This weekend, Manchester continued its tradition of the longest-running pride celebration in the UK with the annual four-day party known as The Big Weekend. While rainbow flags flew throughout the city, from the top of Town Hall to storefronts everywhere, the majority of the festivities were held in the city’s Gay Village—several blocks of gay bars, clubs and restaurants, spanning from Canal Street northward—where streets were mobbed and parties raged around the clock.
Headline sponsor Thomas Cook Airlines hosted daily concerts at the mainstage with acts ranging from Clean Bandit to former Spice Girl Mel C, while Gaydio converted a nearby parking garage into a sprawling dance club with nightly DJ lineups drawing major crowds.
Mel C performs at Manchester Pride Big Weekend 2017. (Photos courtesy of Manchester Pride)
Outside the Village, the rest of Manchester wasn’t about to be left out of the fun. The Refuge, one of Manchester’s can’t-miss bar/restaurants, revived its popular Come As You Are party with three days of music, dancing and love-inclusive revelry with nearly nonstop action. A bit further from the village, Hidden threw its Homoelectric party with three floors of international DJs spinning everything from techno and house to pop and UK garage, proclaiming that “sexual orientation and music genres are irrelevant” at the venue.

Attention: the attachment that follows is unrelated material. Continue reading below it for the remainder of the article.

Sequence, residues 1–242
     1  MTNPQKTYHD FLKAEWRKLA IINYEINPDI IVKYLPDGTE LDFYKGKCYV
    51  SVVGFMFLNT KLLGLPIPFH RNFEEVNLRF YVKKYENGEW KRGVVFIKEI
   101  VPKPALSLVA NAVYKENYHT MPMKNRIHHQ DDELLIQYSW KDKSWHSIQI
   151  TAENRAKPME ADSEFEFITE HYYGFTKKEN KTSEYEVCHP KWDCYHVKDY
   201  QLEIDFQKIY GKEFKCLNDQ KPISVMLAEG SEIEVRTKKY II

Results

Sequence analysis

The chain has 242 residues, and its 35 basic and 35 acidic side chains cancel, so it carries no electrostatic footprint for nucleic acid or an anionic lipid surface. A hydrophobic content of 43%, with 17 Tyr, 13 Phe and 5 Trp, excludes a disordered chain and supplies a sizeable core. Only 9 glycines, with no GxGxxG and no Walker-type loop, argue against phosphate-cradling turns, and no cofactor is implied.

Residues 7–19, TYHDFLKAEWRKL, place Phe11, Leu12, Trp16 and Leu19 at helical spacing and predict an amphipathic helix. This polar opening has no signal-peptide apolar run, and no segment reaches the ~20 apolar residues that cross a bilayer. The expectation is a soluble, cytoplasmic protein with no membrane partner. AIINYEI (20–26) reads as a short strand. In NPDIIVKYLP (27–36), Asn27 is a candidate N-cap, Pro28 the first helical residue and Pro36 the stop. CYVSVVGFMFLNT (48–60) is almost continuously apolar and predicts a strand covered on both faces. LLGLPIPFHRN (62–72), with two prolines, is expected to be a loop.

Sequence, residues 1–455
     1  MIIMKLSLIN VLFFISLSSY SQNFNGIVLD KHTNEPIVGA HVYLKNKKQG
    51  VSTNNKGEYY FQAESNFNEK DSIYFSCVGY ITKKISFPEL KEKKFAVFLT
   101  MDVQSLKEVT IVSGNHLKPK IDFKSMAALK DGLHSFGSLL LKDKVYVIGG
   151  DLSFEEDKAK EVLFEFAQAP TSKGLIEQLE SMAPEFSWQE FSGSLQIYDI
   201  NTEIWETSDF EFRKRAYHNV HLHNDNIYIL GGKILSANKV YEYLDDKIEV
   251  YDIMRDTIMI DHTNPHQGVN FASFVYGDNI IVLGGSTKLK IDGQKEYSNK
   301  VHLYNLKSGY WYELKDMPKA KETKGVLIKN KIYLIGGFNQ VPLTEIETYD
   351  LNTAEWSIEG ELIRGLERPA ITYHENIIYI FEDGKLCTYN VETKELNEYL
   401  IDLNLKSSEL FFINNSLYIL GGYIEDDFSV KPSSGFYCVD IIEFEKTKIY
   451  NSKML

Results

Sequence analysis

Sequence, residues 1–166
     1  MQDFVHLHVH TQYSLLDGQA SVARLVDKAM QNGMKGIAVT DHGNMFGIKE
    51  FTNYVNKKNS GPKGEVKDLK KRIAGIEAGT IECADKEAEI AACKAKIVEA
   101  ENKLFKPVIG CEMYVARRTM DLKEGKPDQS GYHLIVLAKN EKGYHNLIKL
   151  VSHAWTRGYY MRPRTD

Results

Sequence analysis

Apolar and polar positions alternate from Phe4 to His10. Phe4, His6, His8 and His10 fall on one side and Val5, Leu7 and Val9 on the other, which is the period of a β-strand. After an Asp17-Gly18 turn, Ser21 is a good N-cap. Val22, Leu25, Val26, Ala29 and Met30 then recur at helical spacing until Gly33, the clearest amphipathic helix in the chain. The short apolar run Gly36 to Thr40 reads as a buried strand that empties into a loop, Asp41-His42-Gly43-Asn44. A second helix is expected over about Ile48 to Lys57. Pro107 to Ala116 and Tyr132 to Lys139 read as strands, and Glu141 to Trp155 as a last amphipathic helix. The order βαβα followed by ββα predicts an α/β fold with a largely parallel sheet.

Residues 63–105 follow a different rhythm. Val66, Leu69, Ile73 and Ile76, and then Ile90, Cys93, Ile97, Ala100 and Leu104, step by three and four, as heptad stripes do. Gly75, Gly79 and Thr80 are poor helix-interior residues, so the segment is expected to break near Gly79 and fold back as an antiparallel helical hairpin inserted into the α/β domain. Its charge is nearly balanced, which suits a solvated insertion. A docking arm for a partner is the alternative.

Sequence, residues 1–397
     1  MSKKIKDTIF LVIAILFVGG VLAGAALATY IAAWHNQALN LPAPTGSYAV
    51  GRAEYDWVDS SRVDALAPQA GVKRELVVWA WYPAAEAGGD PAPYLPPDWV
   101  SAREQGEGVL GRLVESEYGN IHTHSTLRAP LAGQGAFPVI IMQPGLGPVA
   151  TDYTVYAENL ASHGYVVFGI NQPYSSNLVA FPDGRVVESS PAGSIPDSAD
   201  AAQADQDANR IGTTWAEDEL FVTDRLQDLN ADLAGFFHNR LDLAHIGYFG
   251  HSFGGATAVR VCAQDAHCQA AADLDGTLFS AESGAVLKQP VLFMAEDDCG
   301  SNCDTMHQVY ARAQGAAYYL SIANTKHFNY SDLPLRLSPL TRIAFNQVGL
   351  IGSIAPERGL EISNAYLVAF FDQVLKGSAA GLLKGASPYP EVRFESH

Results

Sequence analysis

Like most prides, the highlight of The Big Weekend is its parade, which continues to grow. This year, more than 3,000 participants from 100+ groups marched, strutted, sang, werked and twerked their way through Manchester, drawing crowds in the tens of thousands under the Class of 2017 theme, marking 50 years since homosexuality was decriminalized in the United Kingdom. The Radisson Blu Edwardian, the official hotel partner of Manchester Pride, teamed up with Gaydio to present a parade party at the property’s Opus One bar, directly on the parade route. The hotel’s windows were decked in original LGBTQ art installations by local artist Christian Taylor, who took inspiration from Manchester’s traditions of pride and industry when creating the Manchester Pride Bee—a rainbow iteration of the city’s iconic worker bee symbol.
A drag queen marches at the Manchester Pride parade. (Photos courtesy of Manchester Pride)
Manchester Pride is a charity organization that has raised hundreds of thousand of dollars for LGBTQ causes, with the majority of income stemming from the annual August pride festival. The culmination of The Big Weekend is the emotional candlelight vigil, in which thousands stand together in Sackville Gardens to commemorate those lost to HIV/AIDS and to inspire continued research in controlling the global epidemic and ending the stigma surrounding it—a sobering conclusion to a frenetic festival, and a reminder of the difficulty that persists in varying degrees around the world. In Manchester, the struggle appears to have paid off, as this is a city that has embraced and incorporated its LGBTQ community without diluting and devaluing it. Here, everyone is Manchester Proud.